NEW YORK (MainStreet) — There are two very good reasons why online retail sales consistently outgrow traditional every year: Shopping online is more convenient and typically much less expensive. For instance, consumer electronics from cameras to smartphones can usually be had for cheaper online, books used or new (or electronic) are usually priced more cheaply at Amazon than in a big bookstore and even shoes tend to be cheaper online now that most of the online shoe retailers offer free shipping.
“Whether it’s a big online retailer or a smaller one, the reality is that most things are going to be a much better price online,” says Ken Wisnefski, founder of WebiMax, an online marketing firm.
Most, but not all.
The convenience of ordering a product online and shipping it to your home comes at a cost, though, because you’ll often have to pay shipping and handling fees that can wipe out any price advantage an online merchant might have. And while that’s somewhat offset by a lack of sales tax for online-only merchants, states are increasingly passing laws aimed at collecting sales tax from such retailers. And even aside from these ancillary costs, there are a few classes of products that can be found at a lower price in a physical store for several reasons. We spoke to shopping experts to find out which products you should drive to the store to buy.
Really Heavy Things
Even when an online retailer wins out on price, the cost to ship it to your home might erase the price advantage, which is especially true of heavy items such as televisions.
“You’ll see sites that have a good price, but they’re trying to get it to the East Coast from Arizona, and a lot of the time ... it might be better to go to Best Buy,” Wisnefski says.
That’s not always the case, of course. Some sites offer free shipping if you meet a minimum purchase threshhold, and some big retailers will sell an item on their Web site and ship it for free to your local store for pickup.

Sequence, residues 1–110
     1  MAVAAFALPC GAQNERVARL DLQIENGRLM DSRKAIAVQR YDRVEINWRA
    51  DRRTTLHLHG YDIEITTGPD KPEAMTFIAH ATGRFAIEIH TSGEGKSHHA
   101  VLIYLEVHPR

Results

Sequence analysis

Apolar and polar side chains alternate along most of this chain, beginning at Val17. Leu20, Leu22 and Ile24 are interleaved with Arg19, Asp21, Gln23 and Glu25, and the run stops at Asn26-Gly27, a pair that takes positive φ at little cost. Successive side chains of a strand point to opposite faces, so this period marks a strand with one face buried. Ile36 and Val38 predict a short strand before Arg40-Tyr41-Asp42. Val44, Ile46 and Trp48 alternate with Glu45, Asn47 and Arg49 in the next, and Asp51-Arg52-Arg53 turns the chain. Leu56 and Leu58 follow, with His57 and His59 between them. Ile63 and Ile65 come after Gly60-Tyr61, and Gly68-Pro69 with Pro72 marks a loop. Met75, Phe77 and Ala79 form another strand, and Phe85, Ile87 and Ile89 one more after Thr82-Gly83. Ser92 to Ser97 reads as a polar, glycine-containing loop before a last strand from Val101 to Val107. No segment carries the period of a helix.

Where you want to be careful, Wisnefski says, is when dealing with smaller online retailers you haven’t heard of.
“Some of these smaller retailers entice you with price and then make their margins on shipping costs,” he says, pointing to more obscure retailers who rise to the top of the Google Shopping tool with a low base price and an exorbitant shipping fee. If you do a search on Google for a model of TV and a retailer you’ve never heard of has the lowest base price, take a really close look at what it’s charging for shipping. Chances are the final price is going to be higher than more established retailers, online or otherwise.
Speaking of really heavy things, you may also want to stick to traditional retailers if you’re looking for big appliances such as washing machines and refrigerators. While shipping costs come into play here, there’s an even bigger factor at work.
“Big-ticket items can be cheaper in stores, because you can haggle or use cash,” says Teri Gault of TheGroceryGame.com. “And with furniture and appliances, you can buy the floor model reduced so much that it can beat online prices.”
Crystal Paine of MoneySavingMom.com likewise recommends getting a floor model “that has some scratches on it” when looking to save on appliances at a bricks-and-mortar store.
Sales associates on the floor at big appliance retailers will often be empowered to negotiate for the price of a large appliance – and with a sales commission on the line, many of them will be all too happy to take some dollars off the price to close a sale. That’s an experience you just won’t get on Amazon.
Gault previously shared her haggling tips in our ultimate guide to haggling.
Online grocery delivery services such as Peapod have made some headway in bringing grocery shopping to the e-commerce world, and Amazon is likewise making a play with its “Subscribe and Save” program, which gives you up to 15% off on groceries you order on a regular basis. But they still can’t compete with the kinds of discounts you tend to see from local grocery stores and supermarkets.